S.3217 - Restoring American Financial Stability Act of 2010

To promote the financial stability of the United States by improving accountability and transparency in the financial system, to end "too big to fail," to protect the American taxpayer by ending bailouts, to protect consumers from abusive financial services practices, and for other purposes. view all titles (26)

All Bill Titles

  • Official: To promote the financial stability of the United States by improving accountability and transparency in the financial system, to end "too big to fail," to protect the American taxpayer by ending bailouts, to protect consumers from abusive financial services practices, and for other purposes. as introduced.
  • Popular: Restoring American Financial Stability Act of 2010 as introduced.
  • Official: A original bill to promote the financial stability of the United States by improving accountability and transparency in the financial system, to end "too big to fail", to protect the American taxpayer by ending bailouts, to protect consumers from abusive financial services practices, and for other purposes. as introduced.
  • Short: Private Fund Investment Advisers Registration Act of 2010 as introduced.
  • Short: Restoring American Financial Stability Act of 2010 as reported to senate.
  • Short: Bank and Savings Association Holding Company and Depository Institution Regulatory Improvements Act of 2010 as reported to senate.
  • Short: Restoring American Financial Stability Act of 2010 as introduced.
  • Short: Bank and Savings Association Holding Company and Depository Institution Regulatory Improvements Act of 2010 as introduced.
  • Short: Consumer Financial Protection Act of 2010 as introduced.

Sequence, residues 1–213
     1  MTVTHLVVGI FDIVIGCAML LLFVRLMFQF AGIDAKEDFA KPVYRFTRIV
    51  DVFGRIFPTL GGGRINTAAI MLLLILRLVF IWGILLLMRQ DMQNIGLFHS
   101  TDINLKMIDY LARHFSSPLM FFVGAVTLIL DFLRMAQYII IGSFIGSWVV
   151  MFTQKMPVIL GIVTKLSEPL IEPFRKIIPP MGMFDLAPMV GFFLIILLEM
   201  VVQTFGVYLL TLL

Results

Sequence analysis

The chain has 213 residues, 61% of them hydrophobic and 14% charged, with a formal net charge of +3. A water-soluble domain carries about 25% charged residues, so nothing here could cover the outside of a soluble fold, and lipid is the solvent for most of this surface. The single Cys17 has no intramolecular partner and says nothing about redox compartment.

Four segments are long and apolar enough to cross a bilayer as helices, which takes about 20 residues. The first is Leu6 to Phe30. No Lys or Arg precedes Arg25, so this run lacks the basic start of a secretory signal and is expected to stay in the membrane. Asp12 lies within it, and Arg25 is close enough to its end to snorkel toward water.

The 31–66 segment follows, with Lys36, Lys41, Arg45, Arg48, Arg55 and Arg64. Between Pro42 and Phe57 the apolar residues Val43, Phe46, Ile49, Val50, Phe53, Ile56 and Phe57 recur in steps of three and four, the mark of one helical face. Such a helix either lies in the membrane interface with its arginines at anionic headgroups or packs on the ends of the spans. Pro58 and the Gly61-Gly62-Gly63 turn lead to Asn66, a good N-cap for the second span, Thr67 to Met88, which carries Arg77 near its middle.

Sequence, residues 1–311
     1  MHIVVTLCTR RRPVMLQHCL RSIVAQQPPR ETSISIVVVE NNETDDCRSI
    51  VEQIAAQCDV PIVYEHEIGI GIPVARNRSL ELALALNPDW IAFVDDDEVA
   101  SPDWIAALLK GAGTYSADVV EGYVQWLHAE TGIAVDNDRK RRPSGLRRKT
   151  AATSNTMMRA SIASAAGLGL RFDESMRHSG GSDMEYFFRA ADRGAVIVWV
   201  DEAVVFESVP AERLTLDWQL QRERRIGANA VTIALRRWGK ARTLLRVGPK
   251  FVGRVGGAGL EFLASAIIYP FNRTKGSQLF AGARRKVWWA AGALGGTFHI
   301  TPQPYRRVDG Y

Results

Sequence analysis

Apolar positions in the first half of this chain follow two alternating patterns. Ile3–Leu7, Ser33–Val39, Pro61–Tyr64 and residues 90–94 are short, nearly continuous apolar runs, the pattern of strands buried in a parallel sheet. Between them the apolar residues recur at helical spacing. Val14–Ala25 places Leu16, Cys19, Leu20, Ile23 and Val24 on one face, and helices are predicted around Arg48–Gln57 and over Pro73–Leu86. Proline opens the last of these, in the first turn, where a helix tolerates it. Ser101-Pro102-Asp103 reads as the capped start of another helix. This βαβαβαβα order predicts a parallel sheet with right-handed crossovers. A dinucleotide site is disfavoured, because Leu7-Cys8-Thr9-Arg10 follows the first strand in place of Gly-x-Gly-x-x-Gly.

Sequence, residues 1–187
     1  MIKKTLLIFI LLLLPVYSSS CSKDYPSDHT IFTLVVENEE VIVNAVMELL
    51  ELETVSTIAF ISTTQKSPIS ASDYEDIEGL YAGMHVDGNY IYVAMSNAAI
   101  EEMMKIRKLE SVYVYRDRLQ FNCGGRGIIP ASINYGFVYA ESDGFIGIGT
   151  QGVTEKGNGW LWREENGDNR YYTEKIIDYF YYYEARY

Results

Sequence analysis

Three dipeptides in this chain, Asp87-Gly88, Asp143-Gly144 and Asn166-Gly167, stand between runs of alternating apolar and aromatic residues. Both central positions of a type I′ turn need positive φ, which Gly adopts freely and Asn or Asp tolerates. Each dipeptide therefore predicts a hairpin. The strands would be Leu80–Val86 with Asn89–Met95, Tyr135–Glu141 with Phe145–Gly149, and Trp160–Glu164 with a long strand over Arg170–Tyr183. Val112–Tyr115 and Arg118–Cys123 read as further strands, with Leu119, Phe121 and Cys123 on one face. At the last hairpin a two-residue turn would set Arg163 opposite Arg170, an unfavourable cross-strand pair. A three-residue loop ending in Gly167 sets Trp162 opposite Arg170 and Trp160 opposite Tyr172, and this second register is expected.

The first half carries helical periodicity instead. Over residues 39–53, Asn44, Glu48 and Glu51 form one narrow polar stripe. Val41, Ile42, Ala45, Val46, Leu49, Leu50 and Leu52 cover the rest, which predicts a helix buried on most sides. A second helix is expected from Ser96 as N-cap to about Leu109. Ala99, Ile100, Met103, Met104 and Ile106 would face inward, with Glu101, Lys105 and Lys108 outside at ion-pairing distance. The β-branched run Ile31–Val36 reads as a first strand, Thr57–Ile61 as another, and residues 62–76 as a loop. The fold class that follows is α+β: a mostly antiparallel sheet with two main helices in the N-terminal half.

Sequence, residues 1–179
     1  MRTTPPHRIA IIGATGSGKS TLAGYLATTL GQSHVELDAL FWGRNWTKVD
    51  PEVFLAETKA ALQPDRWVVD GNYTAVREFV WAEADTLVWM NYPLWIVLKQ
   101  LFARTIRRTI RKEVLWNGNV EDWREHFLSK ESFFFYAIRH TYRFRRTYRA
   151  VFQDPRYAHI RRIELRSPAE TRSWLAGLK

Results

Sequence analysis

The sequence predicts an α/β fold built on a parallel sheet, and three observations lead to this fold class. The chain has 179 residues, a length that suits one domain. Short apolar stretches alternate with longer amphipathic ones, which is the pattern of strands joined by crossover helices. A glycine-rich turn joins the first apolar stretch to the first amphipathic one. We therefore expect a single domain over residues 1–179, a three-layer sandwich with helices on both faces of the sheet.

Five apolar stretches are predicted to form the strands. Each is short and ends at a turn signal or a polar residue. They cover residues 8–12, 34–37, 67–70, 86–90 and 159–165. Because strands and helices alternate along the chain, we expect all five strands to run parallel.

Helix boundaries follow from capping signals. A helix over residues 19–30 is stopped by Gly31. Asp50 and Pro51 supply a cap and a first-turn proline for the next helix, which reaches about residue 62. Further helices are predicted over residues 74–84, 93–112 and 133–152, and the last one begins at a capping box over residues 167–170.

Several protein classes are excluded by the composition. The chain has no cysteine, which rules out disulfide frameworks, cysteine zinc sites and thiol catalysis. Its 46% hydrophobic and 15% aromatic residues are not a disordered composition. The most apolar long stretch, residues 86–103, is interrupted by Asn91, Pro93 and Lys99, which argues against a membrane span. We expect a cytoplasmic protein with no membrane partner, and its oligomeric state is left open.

• Short: Enhancing Financial Institution Safety and Soundness Act of 2010 as introduced.
  • Short: Financial Stability Act of 2010 as introduced.
  • Short: Improving Access to Mainstream Financial Institutions Act of 2010 as introduced.
  • Short: Nonadmitted and Reinsurance Reform Act of 2010 as introduced.
  • Short: Office of National Insurance Act of 2010 as introduced.
  • Short: Over-the-Counter Derivatives Markets Act of 2010 as introduced.
  • Short: Payment, Clearing, and Settlement Supervision Act of 2010 as introduced.
  • Short: Consumer Financial Protection Act of 2010 as reported to senate.
  • Short: Enhancing Financial Institution Safety and Soundness Act of 2010 as reported to senate.
  • Short: Financial Stability Act of 2010 as reported to senate.
  • Short: Improving Access to Mainstream Financial Institutions Act of 2010 as reported to senate.
  • Short: Nonadmitted and Reinsurance Reform Act of 2010 as reported to senate.
  • Short: Office of National Insurance Act of 2010 as reported to senate.
  • Short: Over-the-Counter Derivatives Markets Act of 2010 as reported to senate.
  • Short: Payment, Clearing, and Settlement Supervision Act of 2010 as reported to senate.
  • Short: Private Fund Investment Advisers Registration Act of 2010 as reported to senate.
  • Official: An original bill to promote the financial stability of the United States by improving accountability and transparency in the financial system, to end "too big to fail", to protect the American taxpayer by ending bailouts, to protect consumers from abusive financial services practices, and for other purposes. as introduced.

Comments Feed

Displaying 31-60 of 66 total comments.

  • Comm_reply
    LucasFoxx 04/28/2010 8:21pm
    Link Reply
    + -1

    I have no answer for the enemy agent. That is a mischaracterization of my comment.

    I will say that I’ve never understood greed. All I know is a hard day’s work and trying to get a fair day’s wage. Money is required for survival, but it is just sport or a video game to some. The goal seems to be to simply grab all the coins you see. Ultimately, there is no way to completely protect yourself from the greed of other people. You just do what you can. Homicide is heavily regulated, but it hasn’t stopped people from finding new ways to kill people; intently or not. But you do what you can. Yes, there are probably fewer ways to rob people legally than illegally, but there are still a lot of fine ways to make a ton of cash deceiving people that are technically, perfectly, legal. After all, they say, “it’s not illegal until you get caught.”

  • Comm_reply
    nmeagent 04/30/2010 3:02pm